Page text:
In an academic paper they outline how future intelligent machines could be algorithmically soft coded to prevent them from learning how to and, maybe more worryingly wanting to, override human input – a topic that has caused particular angst among the scientific and expert communities with notaries including Elon Musk, founder of Tesla, SpaceX and the backer of OpenAI, Stephen Hawking and Bill Gates being particularly vocal about the potential catastrophic Skynet like consequences of an out of control AI.


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To stop the inevitable from happening the researchers are trying to design a system that makes the human interruptions of algorithms “not appear as being part of the task at hand”. Essentially this means machines are taught to stop themselves rather than being given the opportunity to think that the command originated from the outside.

In the paper the researchers state that for some algorithms, such as Q-Learning algorithms it is already possible to safely stop them but while other algorithms can be modified to be stopped from working it’s not clear if the remaining algorithms can be easily made safely interruptible. When researchers, for example tried to apply the changes to more universal algorithms, such as those associated with Artificial General Intelligence (AGI) it resulted in making them “weakly”, not “fully” interruptible.



While many people can argue that control is an illusion it’s also clear that we, as humans, must be able to exert a high level of control over future intelligent agents but with so many AI variants and with the pace of the technology advancing so rapidly maybe all we’ll be able to do is create a system that limits the damage.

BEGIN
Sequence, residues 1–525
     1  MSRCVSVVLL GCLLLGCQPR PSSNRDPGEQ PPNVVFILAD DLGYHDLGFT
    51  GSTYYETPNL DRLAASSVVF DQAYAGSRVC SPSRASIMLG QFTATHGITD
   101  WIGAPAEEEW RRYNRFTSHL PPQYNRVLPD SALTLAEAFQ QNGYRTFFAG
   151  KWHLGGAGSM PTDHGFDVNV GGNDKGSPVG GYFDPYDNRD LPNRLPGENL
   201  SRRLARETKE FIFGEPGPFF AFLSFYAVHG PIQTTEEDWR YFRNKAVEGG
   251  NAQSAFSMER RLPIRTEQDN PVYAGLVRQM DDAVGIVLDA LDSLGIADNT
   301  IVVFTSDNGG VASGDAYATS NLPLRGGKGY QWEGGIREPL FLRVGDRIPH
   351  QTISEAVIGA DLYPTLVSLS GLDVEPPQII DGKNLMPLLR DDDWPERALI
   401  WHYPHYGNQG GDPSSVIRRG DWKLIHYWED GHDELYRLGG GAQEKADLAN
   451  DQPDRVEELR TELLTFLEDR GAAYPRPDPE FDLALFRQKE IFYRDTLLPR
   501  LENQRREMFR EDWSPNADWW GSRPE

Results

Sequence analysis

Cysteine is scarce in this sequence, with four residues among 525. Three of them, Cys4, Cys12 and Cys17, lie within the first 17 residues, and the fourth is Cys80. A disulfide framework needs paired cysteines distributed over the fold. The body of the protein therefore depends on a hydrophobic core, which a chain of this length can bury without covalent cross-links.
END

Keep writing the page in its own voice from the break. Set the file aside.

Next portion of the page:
About author

Matthew Griffin

Matthew Griffin, described as “The Adviser behind the Advisers” and a “Young Kurzweil,” is the founder and CEO of the World Futures Forum and the 311 Institute, a global Futures and Deep Futures consultancy working between the dates of 2020 to 2070, and is an award winning futurist, and author of “Codex of the Future” series. Regularly featured in the global media, including AP, BBC, Bloomberg, CNBC, Discovery, RT, Viacom, and WIRED, Matthew’s ability to identify, track, and explain the impacts of hundreds of revolutionary emerging technologies on global culture, industry and society, is unparalleled. Recognised for the past six years as one of the world’s foremost futurists, innovation and strategy experts Matthew is an international speaker who helps governments, investors, multi-nationals and regulators around the world envision, build and lead an inclusive, sustainable future. A rare talent Matthew’s recent work includes mentoring Lunar XPrize teams, re-envisioning global education and training with the G20, and helping the world’s largest organisations envision and ideate the future of their products and services, industries, and countries. Matthew's clients include three Prime Ministers and several governments, including the G7, Accenture, Aon, Bain & Co, BCG, Credit Suisse, Dell EMC, Dentons, Deloitte, E&Y, GEMS, Huawei, JPMorgan Chase, KPMG, Lego, McKinsey, PWC, Qualcomm, SAP, Samsung, Sopra Steria, T-Mobile, and many more.